But without arguing over whether this strategy is "the best" for a long-term investment portfolio, let's just take the time in this article to go over two strong investment companies that I consider to be good candidates, along with some strategies to increase returns and limit drawdowns in the position.
Kohlberg Capital Corporation
Kohlberg Capital Corporation (KCAP) (hereafter "Kohlberg") is a publicly traded private-equity firm that focuses on buyouts, investments, and debt purchases of mid-market companies (frequently private ones). The mid-market firms that it deals with would be considered small to mid-cap companies if you were to compare them to public companies.
The company is currently paying a strong dividend because its business is booming. The current dividend yield is 10.95%. It has a PEG of .82 and a forward P/E of 9.39, both indicating a low valuation relative to future earnings growth expectations. The company has less leverage -- a debt-to-equity ratio of .49 -- than the next stock mentioned.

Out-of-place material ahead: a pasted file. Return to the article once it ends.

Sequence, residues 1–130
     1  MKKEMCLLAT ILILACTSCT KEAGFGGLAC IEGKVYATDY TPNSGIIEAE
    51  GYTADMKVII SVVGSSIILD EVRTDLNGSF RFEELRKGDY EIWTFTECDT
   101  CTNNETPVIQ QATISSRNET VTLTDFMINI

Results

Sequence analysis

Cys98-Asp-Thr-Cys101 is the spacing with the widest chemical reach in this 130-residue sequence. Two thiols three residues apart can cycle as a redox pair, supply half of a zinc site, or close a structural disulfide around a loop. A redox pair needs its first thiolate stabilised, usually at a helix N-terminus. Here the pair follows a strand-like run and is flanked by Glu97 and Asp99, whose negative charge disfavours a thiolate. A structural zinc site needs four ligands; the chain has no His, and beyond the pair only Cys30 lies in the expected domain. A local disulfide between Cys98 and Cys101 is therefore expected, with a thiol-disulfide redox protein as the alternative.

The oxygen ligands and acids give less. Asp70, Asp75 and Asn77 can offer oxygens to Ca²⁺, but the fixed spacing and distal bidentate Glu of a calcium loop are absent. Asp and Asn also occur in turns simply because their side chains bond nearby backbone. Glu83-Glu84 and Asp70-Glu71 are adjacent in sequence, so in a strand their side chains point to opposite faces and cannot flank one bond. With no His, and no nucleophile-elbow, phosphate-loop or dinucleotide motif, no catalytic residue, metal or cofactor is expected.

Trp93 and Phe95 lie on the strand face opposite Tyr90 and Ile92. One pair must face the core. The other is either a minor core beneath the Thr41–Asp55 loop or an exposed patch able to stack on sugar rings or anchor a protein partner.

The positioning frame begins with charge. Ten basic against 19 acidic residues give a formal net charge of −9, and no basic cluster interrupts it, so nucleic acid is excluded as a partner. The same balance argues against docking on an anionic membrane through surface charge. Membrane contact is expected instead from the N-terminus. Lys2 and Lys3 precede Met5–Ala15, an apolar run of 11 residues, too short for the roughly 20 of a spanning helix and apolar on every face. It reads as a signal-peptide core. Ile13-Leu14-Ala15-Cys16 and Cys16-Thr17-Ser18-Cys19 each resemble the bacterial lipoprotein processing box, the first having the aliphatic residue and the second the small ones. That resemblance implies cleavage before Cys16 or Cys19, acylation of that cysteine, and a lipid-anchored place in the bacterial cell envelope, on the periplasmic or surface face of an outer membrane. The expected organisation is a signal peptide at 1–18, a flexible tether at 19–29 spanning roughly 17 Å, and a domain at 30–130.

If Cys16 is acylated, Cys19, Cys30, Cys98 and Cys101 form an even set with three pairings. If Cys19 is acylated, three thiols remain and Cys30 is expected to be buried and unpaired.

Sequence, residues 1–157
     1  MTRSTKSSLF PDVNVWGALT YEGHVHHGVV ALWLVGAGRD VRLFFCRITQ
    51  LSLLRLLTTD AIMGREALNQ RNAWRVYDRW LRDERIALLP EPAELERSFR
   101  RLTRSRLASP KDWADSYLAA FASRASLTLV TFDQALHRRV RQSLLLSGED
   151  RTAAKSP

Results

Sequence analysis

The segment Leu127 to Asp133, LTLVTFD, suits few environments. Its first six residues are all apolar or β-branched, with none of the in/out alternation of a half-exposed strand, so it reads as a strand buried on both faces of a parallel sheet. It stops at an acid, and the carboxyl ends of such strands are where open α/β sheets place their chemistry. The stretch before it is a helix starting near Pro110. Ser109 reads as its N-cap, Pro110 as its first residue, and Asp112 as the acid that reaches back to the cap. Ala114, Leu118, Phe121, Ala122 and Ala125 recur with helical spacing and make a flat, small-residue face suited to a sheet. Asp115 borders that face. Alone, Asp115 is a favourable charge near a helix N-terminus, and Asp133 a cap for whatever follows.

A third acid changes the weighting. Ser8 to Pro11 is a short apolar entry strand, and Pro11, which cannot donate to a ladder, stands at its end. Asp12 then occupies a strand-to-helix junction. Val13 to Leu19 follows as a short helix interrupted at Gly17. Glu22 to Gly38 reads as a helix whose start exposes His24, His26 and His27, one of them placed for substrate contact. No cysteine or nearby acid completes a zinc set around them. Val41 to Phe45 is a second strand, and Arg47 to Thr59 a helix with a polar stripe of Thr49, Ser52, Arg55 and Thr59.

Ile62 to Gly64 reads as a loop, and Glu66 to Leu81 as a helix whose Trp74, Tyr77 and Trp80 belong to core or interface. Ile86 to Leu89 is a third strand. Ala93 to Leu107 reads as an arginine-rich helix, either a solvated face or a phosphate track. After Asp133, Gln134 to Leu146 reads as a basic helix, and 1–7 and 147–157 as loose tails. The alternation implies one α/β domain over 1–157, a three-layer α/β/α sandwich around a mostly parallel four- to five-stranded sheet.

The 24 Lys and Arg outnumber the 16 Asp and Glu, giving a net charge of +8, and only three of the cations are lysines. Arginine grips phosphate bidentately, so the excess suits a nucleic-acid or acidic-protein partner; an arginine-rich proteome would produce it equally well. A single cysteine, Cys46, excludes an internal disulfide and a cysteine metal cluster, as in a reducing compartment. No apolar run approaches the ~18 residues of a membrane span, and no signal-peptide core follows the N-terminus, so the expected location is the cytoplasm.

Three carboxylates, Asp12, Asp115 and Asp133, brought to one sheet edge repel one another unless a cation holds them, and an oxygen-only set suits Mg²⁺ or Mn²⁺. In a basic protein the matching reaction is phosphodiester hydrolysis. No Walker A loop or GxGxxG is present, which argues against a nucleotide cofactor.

Earnings growth this year is expected to be 187%, and quarter-over-quarter earnings are up 876%. Quarter-over-quarter sales are up 59%.
Kohlberg is expected to release its financial results for the fourth quarter and year ended December 31, 2012 on Friday, March 15, 2013 after the close of the markets.
Apollo Global Management
Apollo Global Management (APO) is similar to Kohlberg, making investments in debt instruments, distressed assets, fixed income securities, and restructurings to name a few. Apollo also has significant real estate investment portfolios. The investments are more focused on North America and Europe than Kohlberg, and are not stated to be on mid-market firms that Kohlberg focuses on.
Apollo serves pensions, endowments and institutions, so it's definitely "smart money" when it comes to investments. The benefit of it being a publicly traded company is that you don't have to be a millionaire to place your money with it.